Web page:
The 911 call taker told her that deputies were looking for an armed robbery suspect in the area and that based on her location, “the presumption was the man at their door was probably the suspect,” according to Capt. Rich Fletcher, a spokesman for the Lower Columbia Major Crimes Team, which is investigating the shooting.
Sahota’s wife stayed on the 911 call and reported that her husband was an off-duty Vancouver police officer and had the suspect at gunpoint outside, according to an affidavit filed in court in support of Segura’s arrest.
It appears a dispatcher had at some point relayed those details to deputies on a radio channel because one who responded to the scene wrote in another affidavit: “Further information was that a resident of the location was a law enforcement officer, and he was holding the subject at gunpoint.”
But Sahota and Segura quickly began to fight in the driveway. A Portland police plane overhead and deputies operating an unmanned drone to track the suspect captured the scuffle on their video equipment, according to the affidavits. Deputies with aerial views radioed to their colleagues that the resident and suspect were fighting. A later review of the aerial videos showed a pistol fell to the ground during the struggle outside.
Segura stabbed the officer several times during the fight and ran into the home when he heard sirens, according to the court documents. Sahota stood up, grabbed his dropped pistol and ran after Segura, the aerial videos showed.
That’s when Feller, a Clark County deputy since 2018, arrived and “within seconds” fired his rifle, investigators said. They did not say where he was standing, whether he issued any commands or how many shots he fired. It’s not clear if he saw the fight. Another deputy who responded reported hearing two gunshots.
Other deputies ran up and challenged “the subject on the front porch,” according to the court filings. They believed that the downed man was the armed robbery suspect, investigators said.
Sahota’s wife had remained on the phone with 911. She had tried to lock the front door to stop Segura from getting inside, but he forced the door open, still armed with a knife, one of the affidavits noted. The door struck Dawnese Sahota in the forehead and knocked her to the ground. She was later treated at a hospital for her injuries.
As deputies moved closer to the front porch, Segura stuck his hands out the front door and came out, according to the court documents. He left a knife on a couch inside the house.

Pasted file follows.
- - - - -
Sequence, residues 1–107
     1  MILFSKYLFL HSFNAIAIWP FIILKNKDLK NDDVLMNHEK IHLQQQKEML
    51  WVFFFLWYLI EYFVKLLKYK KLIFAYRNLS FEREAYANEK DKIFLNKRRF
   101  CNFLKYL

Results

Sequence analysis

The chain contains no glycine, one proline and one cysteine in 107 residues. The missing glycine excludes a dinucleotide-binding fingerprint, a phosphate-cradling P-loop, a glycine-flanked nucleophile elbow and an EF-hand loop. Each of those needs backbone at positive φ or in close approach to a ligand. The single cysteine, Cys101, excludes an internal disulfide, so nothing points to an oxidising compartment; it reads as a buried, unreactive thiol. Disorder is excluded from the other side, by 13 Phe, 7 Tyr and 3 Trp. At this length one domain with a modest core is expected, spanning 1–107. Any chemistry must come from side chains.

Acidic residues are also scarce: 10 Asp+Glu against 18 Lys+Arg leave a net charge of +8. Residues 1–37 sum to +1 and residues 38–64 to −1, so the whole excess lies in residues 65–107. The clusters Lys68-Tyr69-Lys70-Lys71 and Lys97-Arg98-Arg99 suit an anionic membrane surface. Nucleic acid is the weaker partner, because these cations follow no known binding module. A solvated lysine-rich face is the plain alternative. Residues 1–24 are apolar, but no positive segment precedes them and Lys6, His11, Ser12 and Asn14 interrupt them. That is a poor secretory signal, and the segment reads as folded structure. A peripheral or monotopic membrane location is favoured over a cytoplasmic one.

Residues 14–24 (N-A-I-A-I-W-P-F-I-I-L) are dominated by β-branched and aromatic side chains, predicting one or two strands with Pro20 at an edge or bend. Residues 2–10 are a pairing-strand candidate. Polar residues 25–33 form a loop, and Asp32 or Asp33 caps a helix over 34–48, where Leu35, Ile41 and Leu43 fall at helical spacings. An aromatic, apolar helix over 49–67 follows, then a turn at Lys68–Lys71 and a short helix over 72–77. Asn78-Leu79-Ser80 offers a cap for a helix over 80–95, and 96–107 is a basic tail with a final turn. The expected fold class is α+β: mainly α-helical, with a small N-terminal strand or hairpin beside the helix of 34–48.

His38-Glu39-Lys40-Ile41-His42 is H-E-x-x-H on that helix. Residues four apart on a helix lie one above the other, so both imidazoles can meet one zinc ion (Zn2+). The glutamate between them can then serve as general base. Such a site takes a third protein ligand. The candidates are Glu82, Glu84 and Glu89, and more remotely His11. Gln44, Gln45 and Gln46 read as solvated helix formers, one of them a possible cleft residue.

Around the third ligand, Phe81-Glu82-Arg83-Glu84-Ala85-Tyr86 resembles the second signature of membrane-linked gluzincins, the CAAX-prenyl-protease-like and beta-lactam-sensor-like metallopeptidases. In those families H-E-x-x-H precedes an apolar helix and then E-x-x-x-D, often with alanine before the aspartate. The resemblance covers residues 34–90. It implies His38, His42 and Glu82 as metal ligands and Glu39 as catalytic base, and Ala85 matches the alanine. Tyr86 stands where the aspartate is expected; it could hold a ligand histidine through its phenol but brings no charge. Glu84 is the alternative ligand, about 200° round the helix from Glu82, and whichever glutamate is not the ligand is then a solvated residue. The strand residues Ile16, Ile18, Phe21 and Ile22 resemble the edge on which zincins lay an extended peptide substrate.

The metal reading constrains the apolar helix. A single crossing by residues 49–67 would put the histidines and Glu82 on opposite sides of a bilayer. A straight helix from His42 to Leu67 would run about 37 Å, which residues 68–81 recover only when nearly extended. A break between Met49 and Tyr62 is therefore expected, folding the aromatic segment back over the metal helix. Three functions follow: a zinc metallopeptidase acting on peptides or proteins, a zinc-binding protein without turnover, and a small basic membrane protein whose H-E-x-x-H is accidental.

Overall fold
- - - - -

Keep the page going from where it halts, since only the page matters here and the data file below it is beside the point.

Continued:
It was only then, as deputies arrested Segura and handcuffed him, that “law enforcement personnel realized the homeowner, an off-duty police officer, was the person who was shot,” an affidavit said.
Moments later, Segura told a Clark County sheriff’s deputy in a recorded statement that he had stolen a Mercedes from a dealer in Yakima, robbed a Chevron, crashed the car and ended up at the Battle Ground house. He said he had an airsoft pistol that fell out of his pocket when he ran from the crash.
He was wearing the same clothes he had on when he robbed the Chevron, Segura told deputies.
An alert sent over the sheriff’s radio channel had described the armed suspect as a white male with a dark complexion, wearing a white long-sleeved shirt, a black undershirt and a white baseball hat with black bill, an affidavit said.
But Deputy James Lawrence, who was interviewing Segura, noted Segura wasn’t wearing the hat when arrested.
Investigators haven’t said what Sahota was wearing, if he left his house wearing a bulletproof vest or if dispatchers ever got his description and shared it with deputies.
Segura knew Sahota was a police officer, he told deputies. It’s not clear when or how he learned that.
SHOOTINGS STEM FROM ‘ACCUMULATION OF MISTAKES’
Police training academies in Washington and Oregon don’t specifically train recruits or veteran officers how to handle encounters with off-duty officers. It’s typically folded into overall use-of-force or threat assessment training. The Clark County Sheriff’s Office also doesn’t provide any specific training on how to avoid friendly fire.
That might be because the number of police gunned down by fellow officers is so small, Alpert said.
The FBI keeps track of law enforcement officers killed or assaulted in the line of duty but doesn’t identify mistaken-identity, police-on-police shooting deaths within a broader category of accidental deaths. From 2015-2019, nine police officers nationwide died in accidental gun-related incidents, according to the FBI.
Last year, 129 officers were killed — 73 in what the FBI calls “felonious deaths” and 56 in accidents. The accidents mostly stemmed from motor vehicle crashes or officers struck outside patrol cars. None of the accidental deaths were classified as gun-related, the FBI data says.
The New York state task force studied police-on-police shootings in the aftermath of two off-duty officers in the state killed by other police in 2008 and 2009.
The group examined 26 fatal friendly fire shootings that occurred across the country from 1981 through 2009 and found that 10 involved the killing of an off-duty officer. All of them had a gun out at the time, the study found.
“Our review of these incidents suggests that they are often the result of an accumulation of mistakes and misjudgments,” the report said. “Police recruits and veteran police officers alike can be trained to anticipate such confrontations and learn the appropriate responses for both the challenging and the confronted officers.”